Teaching Your Children About Christian Mythology

Category:Ancient Greek buildings and structure...
Ancient Greek buildings and structures in Athens (Photo credit: Wikipedia)
If you are a parent with young children residing in a predominately Christian country such as the United States, you can be sure of one thing: it is only a matter of time until your children hear about Christianity. They will hear about it from their peers and from other adults. Much of what they hear will be markedly inconsistent with your views on the subject. Perhaps it would be a good idea for you to tell them about Christianity before they hear the "good news" from those who actually believe it.

Secular parents do not have many resources available to them to help with these sorts of conversations. Where should a secular parent point a curious child for the purpose of learning more about Christianity?

Chrystine Trooien is raising money on Kickstarter for an interesting project: an illustrated children's book on Christian mythology. She describes Christian Mythology for Kids as "a paraphrase of the bible and other christian myths from an unbiased secular viewpoint." It sounds like it could be a useful way for secular parents to teach their children about Christianity from a reality-based perspective.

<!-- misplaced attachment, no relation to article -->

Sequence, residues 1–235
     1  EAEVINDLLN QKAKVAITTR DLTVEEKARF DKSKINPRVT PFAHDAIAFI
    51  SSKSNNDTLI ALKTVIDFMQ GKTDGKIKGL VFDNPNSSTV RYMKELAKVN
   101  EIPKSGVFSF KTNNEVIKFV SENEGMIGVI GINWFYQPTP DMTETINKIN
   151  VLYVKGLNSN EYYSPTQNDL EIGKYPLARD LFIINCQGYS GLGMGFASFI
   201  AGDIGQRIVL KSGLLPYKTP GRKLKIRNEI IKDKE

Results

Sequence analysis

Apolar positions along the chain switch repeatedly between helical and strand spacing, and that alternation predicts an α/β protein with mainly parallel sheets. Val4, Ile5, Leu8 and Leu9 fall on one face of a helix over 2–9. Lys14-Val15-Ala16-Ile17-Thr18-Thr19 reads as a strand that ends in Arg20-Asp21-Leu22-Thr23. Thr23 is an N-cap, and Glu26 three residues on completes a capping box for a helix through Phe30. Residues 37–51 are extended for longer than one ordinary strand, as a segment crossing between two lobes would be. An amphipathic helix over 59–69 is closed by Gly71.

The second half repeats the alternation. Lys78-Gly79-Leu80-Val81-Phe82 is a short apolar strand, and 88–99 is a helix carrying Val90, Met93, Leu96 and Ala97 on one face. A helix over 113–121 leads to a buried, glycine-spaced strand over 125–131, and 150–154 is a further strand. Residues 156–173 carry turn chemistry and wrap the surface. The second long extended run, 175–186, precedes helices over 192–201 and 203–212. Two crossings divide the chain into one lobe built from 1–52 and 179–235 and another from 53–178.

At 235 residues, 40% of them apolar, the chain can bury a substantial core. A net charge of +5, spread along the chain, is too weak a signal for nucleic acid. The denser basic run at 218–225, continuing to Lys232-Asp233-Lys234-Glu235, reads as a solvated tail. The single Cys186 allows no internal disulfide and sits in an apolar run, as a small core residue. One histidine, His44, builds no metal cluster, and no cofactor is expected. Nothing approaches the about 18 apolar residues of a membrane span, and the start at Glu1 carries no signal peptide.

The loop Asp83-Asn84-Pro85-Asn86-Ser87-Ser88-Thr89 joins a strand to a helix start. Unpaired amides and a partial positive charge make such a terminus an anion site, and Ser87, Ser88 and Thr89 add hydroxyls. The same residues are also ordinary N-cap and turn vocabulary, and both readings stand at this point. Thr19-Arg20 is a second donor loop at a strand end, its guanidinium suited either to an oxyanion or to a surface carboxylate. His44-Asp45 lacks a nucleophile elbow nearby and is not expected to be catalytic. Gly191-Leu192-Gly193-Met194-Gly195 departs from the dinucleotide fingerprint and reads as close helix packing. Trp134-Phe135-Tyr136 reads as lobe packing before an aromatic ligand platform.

From the project description:
Today, more than ever before, parents are raising their children free from religion. We have very few secular tools to teach our children about the Christian religions that still surrounds us. Secular children encounter bible stories from their peers, through pop culture, and from well intentioned relatives. Oftentimes the message that is delivered along with these stories is one of fear, promises or simply trying to convince young minds that these stories are somehow historical.
When I was a child, I loved reading about mythology. I found those ancient Greek and Roman gods fascinating, and this would start me thinking about how interesting it was that humans created gods that were so much like them. Unfortunately, it would take me quite awhile to realize that the Christian god was no less mythical than these gods. I would think that a book like this could be a great resource for secular parents.

Check out Chrystine's Kickstarter page here.